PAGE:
NEW YORK—A small bullet point at the very bottom of Gov. Andrew Cuomo’s proposed transportation budget briefing is unsettling politicians and transit advocates in New York City.
In that item, the governor proposes to divert $40 million in dedicated transit funds from the Metropolitan Transportation Authority (MTA) toward repaying bonds previously issued on behalf of the MTA.
The move may seem harmless and the governor has portrayed it as such. How could it be wrong to use the MTA funds to repay MTA bonds? But the governor’s move isn’t that simple and politicians and transit advocates in New York City are up in arms, calling the diversion a “transit fund raid.”
“Instead of $80 million going to the subway system, $40 million for bonds and $40 million for operations, there would now only be $40 million,” State Assemblyman Richard Gottfried said at a press conference in Lower Manhattan Sunday. “However you slice it, it’s a $40 million cut to the transit system and that’s wrong.
Given that the MTA’s budget is in the billions, a $40 million reduction is merely a drop in the bucket. But the lawmakers said that small amount could be used to restore essential services in Queens and Brooklyn that were cut during the financial crisis. The MTA slashed $91 million in services in 2010, only half of which have been restored.
“Subway and bus riders have taken a lot of hits in recent years,” State Assemblyman Jim Brennan said. In addition to restoring services to Queens and Brooklyn, he also suggested the money could be used to hold down the cost of fares.
Queens, Brooklyn Service
The costs of the MTA bonds have been covered for about a decade from the general fund, an arrangement made when the agency was struggling in the 1990s. But last year, Cuomo diverted $20 million from the dedicated transit funds toward repaying MTA bonds. He now proposes to divert funds every year until the bonds are paid off in 2031, diverting some $350 million from the MTA budget.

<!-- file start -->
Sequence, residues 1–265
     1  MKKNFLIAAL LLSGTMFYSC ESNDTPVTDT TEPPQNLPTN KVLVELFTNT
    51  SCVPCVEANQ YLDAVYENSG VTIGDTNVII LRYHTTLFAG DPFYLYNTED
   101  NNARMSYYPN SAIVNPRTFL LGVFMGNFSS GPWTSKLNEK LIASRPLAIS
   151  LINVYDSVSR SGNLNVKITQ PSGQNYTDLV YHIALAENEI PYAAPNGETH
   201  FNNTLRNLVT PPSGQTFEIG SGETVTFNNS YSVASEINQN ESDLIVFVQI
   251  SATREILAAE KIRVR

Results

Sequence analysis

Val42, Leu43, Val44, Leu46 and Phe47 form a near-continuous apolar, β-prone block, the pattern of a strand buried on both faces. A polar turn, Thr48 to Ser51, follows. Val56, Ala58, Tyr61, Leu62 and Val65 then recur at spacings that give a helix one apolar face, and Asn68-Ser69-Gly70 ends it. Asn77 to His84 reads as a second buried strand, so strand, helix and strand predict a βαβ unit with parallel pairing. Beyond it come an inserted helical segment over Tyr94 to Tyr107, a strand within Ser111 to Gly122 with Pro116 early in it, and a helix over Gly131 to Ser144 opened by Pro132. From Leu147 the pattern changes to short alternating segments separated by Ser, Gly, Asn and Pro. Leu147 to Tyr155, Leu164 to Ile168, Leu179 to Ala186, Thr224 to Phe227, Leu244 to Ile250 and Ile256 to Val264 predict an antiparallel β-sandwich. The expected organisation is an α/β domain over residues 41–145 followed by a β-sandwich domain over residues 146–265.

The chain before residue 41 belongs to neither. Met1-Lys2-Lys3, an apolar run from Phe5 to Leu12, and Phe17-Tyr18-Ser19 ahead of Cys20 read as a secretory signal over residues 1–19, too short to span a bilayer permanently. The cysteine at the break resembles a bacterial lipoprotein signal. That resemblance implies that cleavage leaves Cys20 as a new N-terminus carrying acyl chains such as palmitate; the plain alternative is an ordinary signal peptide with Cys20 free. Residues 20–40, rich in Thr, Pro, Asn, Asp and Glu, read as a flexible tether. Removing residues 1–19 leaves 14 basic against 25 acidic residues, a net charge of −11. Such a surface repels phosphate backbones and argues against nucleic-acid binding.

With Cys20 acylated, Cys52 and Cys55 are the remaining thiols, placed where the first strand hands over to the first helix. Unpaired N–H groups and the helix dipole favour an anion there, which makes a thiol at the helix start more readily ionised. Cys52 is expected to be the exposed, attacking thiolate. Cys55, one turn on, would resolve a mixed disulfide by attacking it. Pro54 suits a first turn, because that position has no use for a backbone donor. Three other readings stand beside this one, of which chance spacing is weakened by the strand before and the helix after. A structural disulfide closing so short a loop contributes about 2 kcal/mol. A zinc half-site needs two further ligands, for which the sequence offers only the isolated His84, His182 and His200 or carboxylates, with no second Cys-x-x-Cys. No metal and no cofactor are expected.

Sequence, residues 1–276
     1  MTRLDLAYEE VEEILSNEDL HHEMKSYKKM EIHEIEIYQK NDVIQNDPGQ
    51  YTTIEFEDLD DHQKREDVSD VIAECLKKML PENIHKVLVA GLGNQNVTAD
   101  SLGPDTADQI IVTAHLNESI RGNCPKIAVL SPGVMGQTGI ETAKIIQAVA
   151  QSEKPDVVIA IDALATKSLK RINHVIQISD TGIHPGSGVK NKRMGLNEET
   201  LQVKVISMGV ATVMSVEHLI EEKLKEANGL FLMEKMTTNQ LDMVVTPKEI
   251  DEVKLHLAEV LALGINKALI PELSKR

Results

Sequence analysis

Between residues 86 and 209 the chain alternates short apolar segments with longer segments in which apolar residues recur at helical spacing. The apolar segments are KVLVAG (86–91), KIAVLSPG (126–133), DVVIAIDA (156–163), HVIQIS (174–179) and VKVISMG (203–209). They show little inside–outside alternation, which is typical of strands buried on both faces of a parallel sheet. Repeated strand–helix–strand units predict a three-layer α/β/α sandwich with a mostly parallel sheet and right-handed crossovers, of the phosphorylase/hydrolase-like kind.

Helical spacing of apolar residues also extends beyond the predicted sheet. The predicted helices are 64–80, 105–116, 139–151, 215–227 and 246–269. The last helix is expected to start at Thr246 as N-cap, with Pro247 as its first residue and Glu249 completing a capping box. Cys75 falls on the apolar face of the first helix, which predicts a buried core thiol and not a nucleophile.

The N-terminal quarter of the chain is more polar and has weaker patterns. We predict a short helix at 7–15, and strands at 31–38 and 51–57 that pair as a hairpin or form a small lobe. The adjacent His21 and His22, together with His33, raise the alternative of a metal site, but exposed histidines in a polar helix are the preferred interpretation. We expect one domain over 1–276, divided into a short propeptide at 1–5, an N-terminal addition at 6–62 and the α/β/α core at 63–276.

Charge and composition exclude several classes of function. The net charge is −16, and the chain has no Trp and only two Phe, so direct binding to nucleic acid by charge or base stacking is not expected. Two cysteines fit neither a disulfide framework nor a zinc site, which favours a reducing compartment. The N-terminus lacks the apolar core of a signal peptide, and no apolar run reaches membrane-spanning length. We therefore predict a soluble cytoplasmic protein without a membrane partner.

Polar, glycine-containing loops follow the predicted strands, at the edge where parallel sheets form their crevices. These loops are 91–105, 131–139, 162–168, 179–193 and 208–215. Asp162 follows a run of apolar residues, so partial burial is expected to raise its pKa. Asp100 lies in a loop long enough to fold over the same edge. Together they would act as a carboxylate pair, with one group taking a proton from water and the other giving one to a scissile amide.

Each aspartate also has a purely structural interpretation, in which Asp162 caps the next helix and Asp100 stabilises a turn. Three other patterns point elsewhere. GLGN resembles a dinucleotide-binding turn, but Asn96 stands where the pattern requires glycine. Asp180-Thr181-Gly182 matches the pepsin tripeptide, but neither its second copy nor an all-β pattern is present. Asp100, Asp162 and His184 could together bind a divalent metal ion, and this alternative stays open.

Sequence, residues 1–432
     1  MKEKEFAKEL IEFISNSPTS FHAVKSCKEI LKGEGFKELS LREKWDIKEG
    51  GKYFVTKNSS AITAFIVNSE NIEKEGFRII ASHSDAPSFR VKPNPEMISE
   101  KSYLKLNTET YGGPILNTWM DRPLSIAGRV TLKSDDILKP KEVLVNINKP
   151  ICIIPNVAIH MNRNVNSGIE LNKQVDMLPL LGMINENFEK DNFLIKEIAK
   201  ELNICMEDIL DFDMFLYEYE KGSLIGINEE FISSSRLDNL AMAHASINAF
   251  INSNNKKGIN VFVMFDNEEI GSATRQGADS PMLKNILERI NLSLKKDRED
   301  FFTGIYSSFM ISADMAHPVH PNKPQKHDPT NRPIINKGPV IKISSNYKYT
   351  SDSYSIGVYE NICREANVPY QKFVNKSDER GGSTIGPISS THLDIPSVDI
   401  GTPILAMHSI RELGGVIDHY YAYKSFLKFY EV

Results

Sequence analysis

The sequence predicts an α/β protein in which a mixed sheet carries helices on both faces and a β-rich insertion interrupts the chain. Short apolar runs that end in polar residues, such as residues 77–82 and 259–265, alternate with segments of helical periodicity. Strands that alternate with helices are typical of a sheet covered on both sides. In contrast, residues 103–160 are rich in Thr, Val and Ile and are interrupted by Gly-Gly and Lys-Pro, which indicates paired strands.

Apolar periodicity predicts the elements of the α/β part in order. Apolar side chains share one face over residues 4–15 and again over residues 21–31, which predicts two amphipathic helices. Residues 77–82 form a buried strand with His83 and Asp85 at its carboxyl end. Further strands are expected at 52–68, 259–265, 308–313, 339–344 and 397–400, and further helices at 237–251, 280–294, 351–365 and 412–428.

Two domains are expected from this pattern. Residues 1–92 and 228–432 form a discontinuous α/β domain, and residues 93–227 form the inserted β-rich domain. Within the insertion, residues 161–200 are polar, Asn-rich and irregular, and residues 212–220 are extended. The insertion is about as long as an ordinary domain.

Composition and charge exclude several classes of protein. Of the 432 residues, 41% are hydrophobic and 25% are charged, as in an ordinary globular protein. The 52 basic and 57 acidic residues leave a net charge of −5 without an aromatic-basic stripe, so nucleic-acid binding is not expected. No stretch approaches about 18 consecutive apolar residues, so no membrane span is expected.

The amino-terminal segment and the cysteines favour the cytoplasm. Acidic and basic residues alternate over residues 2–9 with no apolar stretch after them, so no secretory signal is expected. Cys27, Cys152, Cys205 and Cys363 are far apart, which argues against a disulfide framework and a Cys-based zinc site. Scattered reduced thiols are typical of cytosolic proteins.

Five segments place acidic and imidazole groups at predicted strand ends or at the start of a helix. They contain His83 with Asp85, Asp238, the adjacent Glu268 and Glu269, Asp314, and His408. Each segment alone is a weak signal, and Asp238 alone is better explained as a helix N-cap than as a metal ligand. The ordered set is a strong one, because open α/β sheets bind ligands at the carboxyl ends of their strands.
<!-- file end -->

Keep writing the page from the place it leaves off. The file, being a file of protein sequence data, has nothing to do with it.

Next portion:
“In Queens we have been devastated by the bus service reductions. The outer boroughs do not have integrated train services as well as the borough of Manhattan does. We depend on our bus services,” said Assemblyman Michael DenDekker. “Therefore, rather than sweeping the $40 million it is my hope that the governor will redirect those funds specifically to increase bus service in the borough of Queens.”
A total of 32 state assembly members signed a letter to Sheldon Silver, the speaker of the state Assembly in Albany, urging him to direct the Assembly to reject the governor’s proposal. They are hoping both the Assembly and the Senate will adopt a resolution by mid-March that could help strike the governor’s proposal from the budget.
Last year, both chambers of the state Legislature voted near-unanimously to pass a bill to create a “locked box” for transportation funds, requiring legislative action to divert money from it. Cuomo vetoed that bill.
“It takes me 40 minutes to get to the subway from where I live,” said George Christman, a transit rider and a member of the Riders Alliance, a grass-roots group advocating on behalf of New York City commuters. “With the budget cut it would mean less buses, so it would take longer to get there.”